UC-CATA astronomers install new Chilean instrument at La Silla Observatory

PUCHEROS, the spectrograph developed entirely at the Astro Engineering Center of the Catholic University, recently captured its first light, marking the beginning of its observations from the north of Chile. The mission? To help in the search for exoplanets.

The PUCHEROS spectrograph began to be developed in 2009 at the Astro Engineering Center of the Catholic University (AIUC), as part of a Fondecyt project led by the astronomer of the UC Astrophysics Institute and researcher of the CATA Astrophysics Center, Leonardo Vanzi. The goal was to take advantage of the large observatory facilities in northern Chile to promote the development of astronomical instrumentation developed entirely in our country.

PUCHEROS was installed at the Santa Martina Observatory of the UC Astrophysics Institute, where it began to operate mainly for academic purposes, and was also able to make findings published in international scientific journals, including its collaboration to discover that the yellow hypergiant star HR 5711, in the constellation of Centaurus at about 12 thousand light years, was actually a binary system.

Now, this pioneering instrument has had a major upgrade, and an improved version was installed on the 1.5 meter ESO Telescope, located in La Silla, Coquimbo Region, one of the first installed by the European Southern Observatory in Chile. Its development had already given way to another important achievement of national astro-engineering, when in 2016 the FIDEOS spectrograph was installed, also at La Silla, the first Chilean instrument installed in an international observatory.

The astronomer explains that PUCHEROS was the first instrument developed at AIUC, which represented a great challenge. “The challenge at that time was to achieve something starting from scratch, an objective that we more than accomplished. A couple of years ago we had the opportunity to build an improved version of the instrument and install it at La Silla, and in this way we transformed that first version of the instrument into PUCHEROS+, much more sophisticated, which we developed thanks to all the experience accumulated in these years”, says Professor Leonardo Vanzi.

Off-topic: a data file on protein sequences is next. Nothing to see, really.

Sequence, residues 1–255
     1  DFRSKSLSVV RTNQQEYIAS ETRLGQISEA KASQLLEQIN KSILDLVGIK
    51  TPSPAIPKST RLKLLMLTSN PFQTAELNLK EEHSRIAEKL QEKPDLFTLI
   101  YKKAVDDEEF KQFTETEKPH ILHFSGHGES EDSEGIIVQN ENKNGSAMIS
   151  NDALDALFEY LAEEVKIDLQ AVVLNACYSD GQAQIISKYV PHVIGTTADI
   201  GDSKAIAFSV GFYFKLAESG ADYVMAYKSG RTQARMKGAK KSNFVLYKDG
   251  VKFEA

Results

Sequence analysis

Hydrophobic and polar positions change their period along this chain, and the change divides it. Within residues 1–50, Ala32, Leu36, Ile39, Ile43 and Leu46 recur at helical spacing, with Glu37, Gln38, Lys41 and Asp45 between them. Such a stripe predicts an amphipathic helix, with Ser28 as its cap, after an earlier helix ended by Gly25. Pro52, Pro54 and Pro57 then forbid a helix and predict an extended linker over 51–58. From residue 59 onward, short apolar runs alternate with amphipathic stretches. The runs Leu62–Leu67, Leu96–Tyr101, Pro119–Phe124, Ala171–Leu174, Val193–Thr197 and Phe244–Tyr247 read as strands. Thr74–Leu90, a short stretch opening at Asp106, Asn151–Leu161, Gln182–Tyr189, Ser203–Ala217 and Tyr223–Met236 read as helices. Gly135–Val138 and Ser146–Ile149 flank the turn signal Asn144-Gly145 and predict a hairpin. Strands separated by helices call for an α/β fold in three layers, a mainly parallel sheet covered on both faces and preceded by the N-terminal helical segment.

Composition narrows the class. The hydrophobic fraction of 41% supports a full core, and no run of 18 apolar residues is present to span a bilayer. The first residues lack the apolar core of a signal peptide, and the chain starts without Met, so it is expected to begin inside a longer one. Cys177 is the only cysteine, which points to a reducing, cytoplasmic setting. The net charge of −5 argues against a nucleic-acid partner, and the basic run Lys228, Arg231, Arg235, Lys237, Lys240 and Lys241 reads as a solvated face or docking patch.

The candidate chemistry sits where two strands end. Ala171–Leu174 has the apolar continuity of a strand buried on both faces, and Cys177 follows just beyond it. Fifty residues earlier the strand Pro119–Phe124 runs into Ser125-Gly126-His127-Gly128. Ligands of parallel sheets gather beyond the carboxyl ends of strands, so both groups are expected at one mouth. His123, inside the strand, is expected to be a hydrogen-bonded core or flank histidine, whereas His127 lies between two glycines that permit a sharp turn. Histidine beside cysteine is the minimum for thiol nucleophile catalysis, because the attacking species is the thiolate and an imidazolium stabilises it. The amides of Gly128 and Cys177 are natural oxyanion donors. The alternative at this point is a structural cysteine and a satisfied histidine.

The new spectrograph was financed by the National Agency for Research and Development (ANID) through the Quimal fund for the development of astronomical instrumentation and Fondecyt, while the development of the software was in charge of the Chilean company BlueShadow, with long experience in the development of software for astronomy and the internet of things.

Regarding the scientific objectives of PUCHEROS+, the spectrograph is part of the preliminary stage for the implementation of an even more ambitious instrument, called PLATOSpec, an instrument that will track exoplanet candidates discovered by the PLATO mission of the European Space Agency (ESA), an initiative that will study the brightest stars to find transiting planets. Given its sensitivity and mode of operation, the instrument will help in the detection of planets analogous to Earth in terms of mass and orbit, in other solar systems.

Leonardo Vanzi emphasizes that the new spectrograph is the result of a work in which students – of astronomy and engineering – participated during the whole process, until the installation a couple of weeks ago at La Silla Observatory. “All the work we had done was more simulation or laboratory work, without having experience with a real system. As a student, one is usually used to having all the solutions at hand, but when you start to have more experience in the field, you realize that everything can fail and you learn to be prepared for anything”, says Rafael Ormazabal, UC engineering student, who worked on the instrument’s temperature controller: “from the purchase of components, to the design and implementation in the spectrograph”.

Luca Antonucci, a Master’s student in Engineering Sciences, emphasizes that “when you develop a real project, you are faced with the responsibility of making it work well and robustly over time, which means that from the simplest to the most complex tasks have to be carried out well, which implies much more work than one can imagine from the perspective of a university student”. His work -he adds- was focused on the telescope-spectrograph interface, which consists of 3 parts: calibration system, acquisition system and the injection of light into the fiber (which carries the light from the stars to the spectrograph).

Professor Vanzi highlights the value of this project as a technology transfer for Chile. In addition to PLATOSpec, the UC Astro Engineering Center is working on the construction of the TARdYS spectrograph for the Japanese telescope TAO, situated at an altitude of 5,600 meters on Cerro Chajnantor. “We continue on our path to position the country not only as a host of large telescopes, but also as an active partner with the capacity to contribute human capital, technology and resources,” he concludes.